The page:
There are perks for stores that raise the most money. MacCausland says, “Pizza and donuts go a long way.” There are several levels of goodies, and the top prize includes every level of incentive, plus an extra day off. “I think we had a dozen stores at that top level last year.”
VIP also is a sponsor of the Boy Scouts of America Pine Tree Council. VIP donates a pinewood derby car to every scout, sponsors the Pinewood Derby State championship race and provides a welcome packet to every Cub Scout and Boy Scout leader in the state. The packet includes a certificate for a free oil change.
Events big and small, from car shows to car washes, are all possibilities. Quirk says if it’s something a particular store wants to support, “we let them do it.” Sometimes an employee is involved in an event or project. Those get the VIP stamp of approval, too.
“Our rule of thumb is if one of our VIP associates is personally involved, then we will absolutely provide support for that organization.”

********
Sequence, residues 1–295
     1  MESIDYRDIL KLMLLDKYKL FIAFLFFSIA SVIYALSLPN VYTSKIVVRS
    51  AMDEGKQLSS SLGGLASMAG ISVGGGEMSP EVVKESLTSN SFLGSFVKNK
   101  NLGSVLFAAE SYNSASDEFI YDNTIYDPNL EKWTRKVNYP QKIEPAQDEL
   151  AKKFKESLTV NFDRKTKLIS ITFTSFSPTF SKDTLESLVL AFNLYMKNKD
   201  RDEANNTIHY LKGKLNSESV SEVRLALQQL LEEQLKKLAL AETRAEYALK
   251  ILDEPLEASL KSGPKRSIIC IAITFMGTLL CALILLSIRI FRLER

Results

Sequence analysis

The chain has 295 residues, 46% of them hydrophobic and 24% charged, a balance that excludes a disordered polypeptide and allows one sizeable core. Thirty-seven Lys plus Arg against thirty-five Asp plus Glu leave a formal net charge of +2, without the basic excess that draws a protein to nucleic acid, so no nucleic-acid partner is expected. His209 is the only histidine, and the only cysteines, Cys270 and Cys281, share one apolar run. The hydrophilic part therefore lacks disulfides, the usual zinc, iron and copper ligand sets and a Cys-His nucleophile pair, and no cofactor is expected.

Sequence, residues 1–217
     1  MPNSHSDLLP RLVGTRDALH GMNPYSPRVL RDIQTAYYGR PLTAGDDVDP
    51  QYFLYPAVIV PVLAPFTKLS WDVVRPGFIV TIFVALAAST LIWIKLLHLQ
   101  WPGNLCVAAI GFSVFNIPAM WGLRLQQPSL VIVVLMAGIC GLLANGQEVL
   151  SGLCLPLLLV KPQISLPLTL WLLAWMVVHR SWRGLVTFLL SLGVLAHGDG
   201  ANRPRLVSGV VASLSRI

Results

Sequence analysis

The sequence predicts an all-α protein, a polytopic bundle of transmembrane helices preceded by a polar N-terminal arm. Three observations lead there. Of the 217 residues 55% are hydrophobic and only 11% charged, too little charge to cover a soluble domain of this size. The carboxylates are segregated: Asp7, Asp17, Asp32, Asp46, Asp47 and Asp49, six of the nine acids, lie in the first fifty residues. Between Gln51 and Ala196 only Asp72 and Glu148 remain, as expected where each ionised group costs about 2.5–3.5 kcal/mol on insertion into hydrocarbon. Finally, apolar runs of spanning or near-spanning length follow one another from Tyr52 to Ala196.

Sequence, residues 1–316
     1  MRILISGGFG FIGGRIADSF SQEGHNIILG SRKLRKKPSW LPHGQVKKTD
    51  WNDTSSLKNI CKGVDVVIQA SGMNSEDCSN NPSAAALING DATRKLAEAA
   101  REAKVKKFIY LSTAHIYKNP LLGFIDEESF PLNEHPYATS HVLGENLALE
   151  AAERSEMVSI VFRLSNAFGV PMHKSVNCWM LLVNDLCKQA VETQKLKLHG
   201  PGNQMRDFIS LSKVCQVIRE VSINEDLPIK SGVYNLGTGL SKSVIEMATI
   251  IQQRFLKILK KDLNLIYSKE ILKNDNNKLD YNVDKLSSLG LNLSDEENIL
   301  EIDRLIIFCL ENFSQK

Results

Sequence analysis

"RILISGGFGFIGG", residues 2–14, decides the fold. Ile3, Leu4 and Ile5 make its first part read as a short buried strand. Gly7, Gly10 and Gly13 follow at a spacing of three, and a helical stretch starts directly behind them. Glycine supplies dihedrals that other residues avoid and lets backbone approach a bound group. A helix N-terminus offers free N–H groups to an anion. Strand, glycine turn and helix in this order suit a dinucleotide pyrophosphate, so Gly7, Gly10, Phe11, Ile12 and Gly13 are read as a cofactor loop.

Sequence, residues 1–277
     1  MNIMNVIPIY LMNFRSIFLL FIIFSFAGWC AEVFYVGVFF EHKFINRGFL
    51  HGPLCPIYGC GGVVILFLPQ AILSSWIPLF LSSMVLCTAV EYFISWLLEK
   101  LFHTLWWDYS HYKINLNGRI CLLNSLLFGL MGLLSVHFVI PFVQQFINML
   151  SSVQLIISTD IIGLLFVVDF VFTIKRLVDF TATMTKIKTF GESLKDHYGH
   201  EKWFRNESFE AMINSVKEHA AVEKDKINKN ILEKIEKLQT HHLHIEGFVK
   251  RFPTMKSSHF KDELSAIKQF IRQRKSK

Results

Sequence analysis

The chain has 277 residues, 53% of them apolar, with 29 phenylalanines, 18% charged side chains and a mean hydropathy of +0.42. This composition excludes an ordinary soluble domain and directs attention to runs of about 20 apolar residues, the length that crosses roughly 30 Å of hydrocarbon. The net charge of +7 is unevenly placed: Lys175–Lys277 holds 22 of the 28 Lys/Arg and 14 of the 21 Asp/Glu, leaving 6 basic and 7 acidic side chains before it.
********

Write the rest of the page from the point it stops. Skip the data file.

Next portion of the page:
When VIP opened its newest store in Lebanon, N.H. in August, the company found a unique way to celebrate and get acquainted with its newest community. Winkeler remembers a news article crossing his desk about the financial strains on the local schools. The VIP team reached out to the superintendents of two local school districts and asked how the company could get involved.
Together, they created “oil changes for education.” Through the end of October VIP is offering $10 oil changes to all customers at the Lebanon store, and 100% of the proceeds will be donated to seven local schools in the Lebanon and Hartford school districts.
“When we enter a new market, we want to become active in the local community — it’s part of our company culture,” says Winkeler. ■